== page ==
Student Startups Offer Goods and Services, Hone Entrepreneurial Skills at Terp Marketplace
Today's Terp Marketplace will feature more than 30 student startups selling everything from hot sauce and home goods to clothing and cupcakes.
If the college campus is the embodiment of democracy’s marketplace of ideas, Terp Marketplace might be the smaller-scale equivalent for University of Maryland entrepreneurialism.
Hosted once a semester by the Dingman Center for Entrepreneurship, today’s market will feature more than 30 student startups selling everything from hot sauce and home goods to clothing and cupcakes.
Terp Marketplace is an opportunity for the UMD community to learn about Terp-founded businesses, buy unique products and support students. And the budding entrepreneurs gain more than just cash. Dingman Events and Marketing Manager Megan McPherson said it's a chance for them to get comfortable facing customers, making sales pitches and receiving feedback on their products and services.
“Whether their business ultimately makes money or not, it’s rewarding just to participate," McPherson said. “Getting out there and selling to customers is such a valuable experience in entrepreneurship.”
Terp Marketplace first opened in 2014 and has grown to support more student vendors and become an experiential component in classes. Many students participate in as a requirement of UMD’s innovation and entrepreneurship minor, a program that attracts students from a range of majors, from architecture to journalism. Some have been developing their products for years.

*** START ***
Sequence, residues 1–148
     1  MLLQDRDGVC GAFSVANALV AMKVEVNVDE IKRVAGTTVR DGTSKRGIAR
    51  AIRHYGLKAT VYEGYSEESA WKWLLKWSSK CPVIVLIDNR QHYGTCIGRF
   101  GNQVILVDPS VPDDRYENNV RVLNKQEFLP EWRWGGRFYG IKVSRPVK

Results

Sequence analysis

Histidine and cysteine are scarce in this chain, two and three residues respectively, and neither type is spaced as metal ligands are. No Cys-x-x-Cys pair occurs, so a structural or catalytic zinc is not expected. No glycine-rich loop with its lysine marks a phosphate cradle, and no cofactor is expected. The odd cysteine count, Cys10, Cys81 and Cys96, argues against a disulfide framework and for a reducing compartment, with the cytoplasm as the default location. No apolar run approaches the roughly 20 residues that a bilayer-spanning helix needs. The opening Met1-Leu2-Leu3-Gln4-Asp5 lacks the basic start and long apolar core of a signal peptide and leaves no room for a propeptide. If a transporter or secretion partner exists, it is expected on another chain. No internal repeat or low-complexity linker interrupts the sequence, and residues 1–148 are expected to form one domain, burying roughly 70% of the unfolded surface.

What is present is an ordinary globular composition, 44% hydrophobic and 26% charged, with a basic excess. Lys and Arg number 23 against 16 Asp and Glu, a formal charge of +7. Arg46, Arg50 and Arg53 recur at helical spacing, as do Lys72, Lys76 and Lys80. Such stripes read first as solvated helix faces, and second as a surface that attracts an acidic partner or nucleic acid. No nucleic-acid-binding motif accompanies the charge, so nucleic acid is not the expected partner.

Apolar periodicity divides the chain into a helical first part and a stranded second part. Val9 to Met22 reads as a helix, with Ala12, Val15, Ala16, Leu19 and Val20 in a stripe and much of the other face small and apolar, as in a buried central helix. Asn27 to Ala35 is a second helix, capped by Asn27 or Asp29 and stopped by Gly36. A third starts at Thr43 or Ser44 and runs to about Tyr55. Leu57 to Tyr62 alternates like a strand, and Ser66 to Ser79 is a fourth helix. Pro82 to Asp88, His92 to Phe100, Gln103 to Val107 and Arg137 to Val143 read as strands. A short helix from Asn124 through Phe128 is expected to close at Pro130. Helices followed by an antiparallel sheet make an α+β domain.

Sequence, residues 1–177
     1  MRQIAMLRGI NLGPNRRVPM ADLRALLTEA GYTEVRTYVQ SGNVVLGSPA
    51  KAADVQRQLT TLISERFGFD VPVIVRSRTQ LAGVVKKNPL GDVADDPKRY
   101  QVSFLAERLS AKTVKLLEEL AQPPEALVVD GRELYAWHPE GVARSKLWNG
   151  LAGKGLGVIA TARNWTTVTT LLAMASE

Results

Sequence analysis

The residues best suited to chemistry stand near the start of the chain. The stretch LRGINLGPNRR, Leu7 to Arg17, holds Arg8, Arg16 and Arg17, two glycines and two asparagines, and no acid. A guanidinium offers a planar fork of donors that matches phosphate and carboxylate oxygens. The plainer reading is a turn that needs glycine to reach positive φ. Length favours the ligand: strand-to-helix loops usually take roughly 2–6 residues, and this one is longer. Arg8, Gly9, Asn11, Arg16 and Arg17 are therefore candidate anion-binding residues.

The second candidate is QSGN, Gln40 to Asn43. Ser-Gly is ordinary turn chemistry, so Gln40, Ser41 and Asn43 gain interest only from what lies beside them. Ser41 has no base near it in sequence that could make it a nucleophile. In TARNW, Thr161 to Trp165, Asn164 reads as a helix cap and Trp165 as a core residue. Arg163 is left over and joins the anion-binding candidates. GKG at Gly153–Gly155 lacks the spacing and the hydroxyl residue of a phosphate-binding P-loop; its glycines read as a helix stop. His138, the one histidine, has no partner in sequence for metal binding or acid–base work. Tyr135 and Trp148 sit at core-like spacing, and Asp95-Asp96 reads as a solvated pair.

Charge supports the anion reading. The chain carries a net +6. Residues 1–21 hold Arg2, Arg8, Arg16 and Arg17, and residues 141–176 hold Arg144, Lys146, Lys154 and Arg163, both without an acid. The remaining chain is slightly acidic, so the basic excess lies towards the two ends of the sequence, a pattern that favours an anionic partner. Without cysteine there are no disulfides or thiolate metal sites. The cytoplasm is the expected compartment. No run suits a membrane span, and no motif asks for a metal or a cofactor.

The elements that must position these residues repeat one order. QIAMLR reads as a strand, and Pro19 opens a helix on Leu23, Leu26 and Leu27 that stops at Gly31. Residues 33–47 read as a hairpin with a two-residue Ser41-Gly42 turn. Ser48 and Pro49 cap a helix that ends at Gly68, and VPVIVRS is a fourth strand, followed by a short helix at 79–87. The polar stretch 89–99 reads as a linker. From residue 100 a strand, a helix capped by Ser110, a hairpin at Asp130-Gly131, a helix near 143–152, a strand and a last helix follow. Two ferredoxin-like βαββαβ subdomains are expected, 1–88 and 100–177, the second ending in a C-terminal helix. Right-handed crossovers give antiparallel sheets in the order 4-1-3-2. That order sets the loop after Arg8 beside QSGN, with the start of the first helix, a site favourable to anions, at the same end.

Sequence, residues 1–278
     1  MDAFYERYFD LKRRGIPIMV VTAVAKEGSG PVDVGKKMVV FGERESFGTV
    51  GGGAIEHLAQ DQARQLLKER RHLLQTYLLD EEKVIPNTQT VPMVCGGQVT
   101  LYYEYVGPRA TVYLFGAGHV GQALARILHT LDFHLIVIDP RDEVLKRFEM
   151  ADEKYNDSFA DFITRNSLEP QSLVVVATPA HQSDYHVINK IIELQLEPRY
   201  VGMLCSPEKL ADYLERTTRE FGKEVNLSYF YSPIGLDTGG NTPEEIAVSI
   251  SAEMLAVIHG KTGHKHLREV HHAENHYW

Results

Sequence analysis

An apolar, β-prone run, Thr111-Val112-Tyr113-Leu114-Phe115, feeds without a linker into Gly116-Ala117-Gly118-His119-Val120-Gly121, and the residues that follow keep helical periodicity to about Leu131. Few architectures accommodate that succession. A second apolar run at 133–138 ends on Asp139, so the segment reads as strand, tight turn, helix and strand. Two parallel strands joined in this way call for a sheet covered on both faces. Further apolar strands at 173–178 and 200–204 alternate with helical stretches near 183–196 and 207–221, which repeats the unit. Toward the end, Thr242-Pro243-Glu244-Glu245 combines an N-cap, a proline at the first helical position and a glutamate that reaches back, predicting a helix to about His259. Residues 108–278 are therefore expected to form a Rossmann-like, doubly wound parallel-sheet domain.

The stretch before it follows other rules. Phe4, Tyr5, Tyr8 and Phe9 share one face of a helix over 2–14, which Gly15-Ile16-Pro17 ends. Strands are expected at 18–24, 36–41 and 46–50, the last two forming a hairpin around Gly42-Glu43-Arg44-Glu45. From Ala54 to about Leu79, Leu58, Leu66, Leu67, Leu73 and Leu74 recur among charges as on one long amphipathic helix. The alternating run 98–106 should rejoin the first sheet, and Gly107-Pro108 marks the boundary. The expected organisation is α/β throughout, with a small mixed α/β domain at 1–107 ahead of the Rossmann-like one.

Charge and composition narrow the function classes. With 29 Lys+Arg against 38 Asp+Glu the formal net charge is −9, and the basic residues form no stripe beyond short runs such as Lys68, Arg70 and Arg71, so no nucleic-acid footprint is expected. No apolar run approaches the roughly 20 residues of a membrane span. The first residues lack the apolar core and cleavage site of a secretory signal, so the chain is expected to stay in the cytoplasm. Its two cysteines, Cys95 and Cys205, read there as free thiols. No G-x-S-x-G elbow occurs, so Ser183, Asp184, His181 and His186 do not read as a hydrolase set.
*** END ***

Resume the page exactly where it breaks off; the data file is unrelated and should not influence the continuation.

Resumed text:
Jeff Su ’21 started making his own protein and snack bars his senior year of high school because of a tree nut allergy that prevented him from eating many of the popular brands(and those that were safe to eat he hated. What began as a small operation out of his mom’s kitchen is now Modbars, a product with six customizable flavors for which buyers can adjust the ingredient list when they make an order.
He said he received valuable feedback at the marketplace last semester to professionalize the packaging, which was originally in cellophane and tinfoil.
“Bro, you got to improve the packaging cause it looks like you’re selling something inedible,” Su recalled being told.
Saba Tshibaka ’20 will be back today as the founder of Rendered, a business that sells secondhand vintage clothing and educates consumers on sustainable shopping practices. She said Terp Marketplace is a good way to expose the brand and find participants for the company’s events.
“You’re getting cool clothes, but you’re also saving the environment,” Tshibaka said of her business.
McPherson said Terp Marketplace is ultimately a showcase of the entrepreneurial spirit of the university, whose undergraduate innovation and entrepreneurship program was ranked in the top 10 in the nation for the fifth consecutive year by The Princeton Review and Entrepreneur magazine.
“It’s great to see this little microcosm of entrepreneurial activity at the University of Maryland,” she said.
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